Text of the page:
For the past few weeks, the song “Seasons of Love” from the Broadway play Rent, has been going through my head. My brother introduced me to the soundtrack in the mid-1990s. I don’t know where he originally heard it, but he told me the basic story and I fell in love with the music. This song, in particular, gets me very emotional. It always has, but today even more so. “How do you measure a year? In daylights, in sunsets, in midnights, in cups of coffee, in inches, in miles, in laughter, in strife.”

Tomorrow is the one-year anniversary of my brother’s death. It will be the end of our year of “firsts.” Our first Thanksgiving and Christmas without him. Seeing the latest Star Wars and Marvel movies without him and wondering what he would have thought. Our first set of all the kids’ birthday parties without him.  Viewing the Oscars and crying so much my eyes nearly swelled shut. Watching Phil’s 50th birthday come and go and not know what to do.

It’s been a rough year. A really shitty one, in fact. I still don’t know how to navigate the world with the knowledge that my brother isn’t somewhere on this planet. I tried counseling briefly, but the person was really bad at grief counseling. She was good at helping me with stress, but I need to find someone who just deals with grief if I’m ever going to go back to counseling. And to be completely honest? I’m afraid to do that. In my crazy-ass mind, I think if I go to grief counseling and they help me function better, it means that my brother is really gone. That’s why I still have some of my brother’s ashes in a pill bottle because I can’t bring myself to scatter them or even to put them in something more permanent. Because then he’s really gone.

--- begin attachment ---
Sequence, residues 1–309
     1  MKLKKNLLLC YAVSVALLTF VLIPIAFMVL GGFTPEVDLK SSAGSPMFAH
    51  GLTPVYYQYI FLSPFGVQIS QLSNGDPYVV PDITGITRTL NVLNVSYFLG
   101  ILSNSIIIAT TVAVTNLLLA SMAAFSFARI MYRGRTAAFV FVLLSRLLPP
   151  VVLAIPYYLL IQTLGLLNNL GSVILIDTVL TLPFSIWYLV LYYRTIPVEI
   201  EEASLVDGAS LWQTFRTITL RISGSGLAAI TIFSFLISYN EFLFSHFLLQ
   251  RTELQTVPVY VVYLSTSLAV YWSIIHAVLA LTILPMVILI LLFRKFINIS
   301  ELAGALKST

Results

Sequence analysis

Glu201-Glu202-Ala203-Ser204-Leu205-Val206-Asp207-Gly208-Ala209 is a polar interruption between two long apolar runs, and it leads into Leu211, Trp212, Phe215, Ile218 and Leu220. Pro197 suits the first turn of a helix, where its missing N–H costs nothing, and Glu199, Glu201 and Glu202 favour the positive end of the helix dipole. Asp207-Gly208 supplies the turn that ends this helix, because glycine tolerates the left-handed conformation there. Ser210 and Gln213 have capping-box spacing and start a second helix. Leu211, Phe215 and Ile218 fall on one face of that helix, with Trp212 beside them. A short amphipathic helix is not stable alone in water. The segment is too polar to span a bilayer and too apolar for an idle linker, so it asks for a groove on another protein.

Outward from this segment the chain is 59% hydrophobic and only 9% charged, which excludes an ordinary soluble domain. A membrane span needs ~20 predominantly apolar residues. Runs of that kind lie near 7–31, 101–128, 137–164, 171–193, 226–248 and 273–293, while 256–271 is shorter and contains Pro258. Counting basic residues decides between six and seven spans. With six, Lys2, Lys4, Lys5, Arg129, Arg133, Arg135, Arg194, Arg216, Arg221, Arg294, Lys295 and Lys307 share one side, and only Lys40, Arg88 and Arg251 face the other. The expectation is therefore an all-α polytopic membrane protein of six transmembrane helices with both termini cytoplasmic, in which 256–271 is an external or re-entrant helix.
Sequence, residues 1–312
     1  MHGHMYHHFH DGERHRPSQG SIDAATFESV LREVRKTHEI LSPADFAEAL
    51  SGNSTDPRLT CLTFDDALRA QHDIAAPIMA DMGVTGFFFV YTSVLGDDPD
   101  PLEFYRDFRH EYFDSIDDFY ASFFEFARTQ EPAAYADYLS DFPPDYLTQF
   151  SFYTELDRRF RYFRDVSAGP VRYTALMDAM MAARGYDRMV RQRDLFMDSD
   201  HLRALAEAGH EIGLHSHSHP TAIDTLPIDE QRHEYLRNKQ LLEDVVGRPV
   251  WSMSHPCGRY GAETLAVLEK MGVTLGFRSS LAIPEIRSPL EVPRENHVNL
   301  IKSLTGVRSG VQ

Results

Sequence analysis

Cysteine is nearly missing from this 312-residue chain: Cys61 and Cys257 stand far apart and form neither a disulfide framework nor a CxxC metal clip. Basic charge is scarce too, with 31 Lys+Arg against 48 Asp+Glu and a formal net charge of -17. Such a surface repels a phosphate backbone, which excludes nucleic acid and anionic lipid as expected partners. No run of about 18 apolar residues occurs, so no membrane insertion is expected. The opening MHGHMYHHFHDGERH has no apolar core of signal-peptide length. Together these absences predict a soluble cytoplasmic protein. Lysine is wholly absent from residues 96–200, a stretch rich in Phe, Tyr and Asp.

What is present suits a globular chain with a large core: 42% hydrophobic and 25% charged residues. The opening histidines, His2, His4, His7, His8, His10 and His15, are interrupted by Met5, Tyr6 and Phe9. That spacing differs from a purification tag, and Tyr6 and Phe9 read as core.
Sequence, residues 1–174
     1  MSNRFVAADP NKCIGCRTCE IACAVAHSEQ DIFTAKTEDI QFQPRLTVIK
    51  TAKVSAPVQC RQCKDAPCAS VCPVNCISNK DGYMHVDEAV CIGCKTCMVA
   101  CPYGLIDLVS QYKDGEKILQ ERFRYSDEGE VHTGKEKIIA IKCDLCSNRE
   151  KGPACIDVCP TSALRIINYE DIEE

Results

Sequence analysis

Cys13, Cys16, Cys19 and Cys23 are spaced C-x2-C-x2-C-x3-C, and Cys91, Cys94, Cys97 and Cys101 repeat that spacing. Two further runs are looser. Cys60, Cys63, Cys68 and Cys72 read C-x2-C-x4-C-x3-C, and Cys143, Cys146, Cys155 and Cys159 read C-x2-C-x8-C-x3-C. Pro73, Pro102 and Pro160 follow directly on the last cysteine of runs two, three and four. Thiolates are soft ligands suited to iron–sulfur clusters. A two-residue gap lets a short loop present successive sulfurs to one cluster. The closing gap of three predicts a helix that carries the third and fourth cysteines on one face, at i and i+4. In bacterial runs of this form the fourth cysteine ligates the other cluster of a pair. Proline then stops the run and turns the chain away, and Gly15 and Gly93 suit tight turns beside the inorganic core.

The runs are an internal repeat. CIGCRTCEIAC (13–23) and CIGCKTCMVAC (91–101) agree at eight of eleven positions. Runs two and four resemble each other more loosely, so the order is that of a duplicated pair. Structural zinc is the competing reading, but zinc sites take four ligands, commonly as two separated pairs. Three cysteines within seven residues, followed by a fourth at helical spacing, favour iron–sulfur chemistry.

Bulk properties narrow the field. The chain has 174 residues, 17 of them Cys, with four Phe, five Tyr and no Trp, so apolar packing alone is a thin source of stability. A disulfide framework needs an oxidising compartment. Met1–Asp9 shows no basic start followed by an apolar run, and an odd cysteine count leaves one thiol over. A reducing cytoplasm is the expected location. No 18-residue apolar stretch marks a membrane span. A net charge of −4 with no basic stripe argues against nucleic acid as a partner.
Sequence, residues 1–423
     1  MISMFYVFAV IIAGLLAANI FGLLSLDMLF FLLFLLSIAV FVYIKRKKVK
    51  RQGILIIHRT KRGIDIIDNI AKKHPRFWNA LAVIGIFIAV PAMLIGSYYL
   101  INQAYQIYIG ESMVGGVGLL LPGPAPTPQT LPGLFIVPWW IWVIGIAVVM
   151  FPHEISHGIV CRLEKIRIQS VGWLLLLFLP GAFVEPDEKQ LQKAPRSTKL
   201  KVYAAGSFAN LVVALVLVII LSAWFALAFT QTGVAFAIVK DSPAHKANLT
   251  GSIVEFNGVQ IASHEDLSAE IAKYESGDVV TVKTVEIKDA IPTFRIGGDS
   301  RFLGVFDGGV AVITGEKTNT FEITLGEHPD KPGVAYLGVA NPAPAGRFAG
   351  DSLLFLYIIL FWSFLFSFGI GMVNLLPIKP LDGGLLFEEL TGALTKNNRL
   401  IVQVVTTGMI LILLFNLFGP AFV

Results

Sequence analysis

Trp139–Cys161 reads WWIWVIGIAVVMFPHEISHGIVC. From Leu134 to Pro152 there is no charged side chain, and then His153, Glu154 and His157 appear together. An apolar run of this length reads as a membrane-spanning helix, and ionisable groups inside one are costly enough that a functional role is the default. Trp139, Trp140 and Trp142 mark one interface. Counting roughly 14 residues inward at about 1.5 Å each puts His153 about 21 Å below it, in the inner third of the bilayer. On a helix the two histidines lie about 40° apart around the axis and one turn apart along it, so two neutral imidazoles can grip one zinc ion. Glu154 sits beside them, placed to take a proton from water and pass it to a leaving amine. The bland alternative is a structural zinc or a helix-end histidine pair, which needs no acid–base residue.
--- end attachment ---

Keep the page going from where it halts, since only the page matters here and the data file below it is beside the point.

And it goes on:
Can that really be?

Can he really be gone forever? But forever is so damned long. Am I really supposed to go through the rest of my life without Phil around? Without his teasing or his funny stories or his love?

“How do you measure the life of a woman or a man? In truths that she learned or in times that he cried, in bridges he burned or the way that she died?”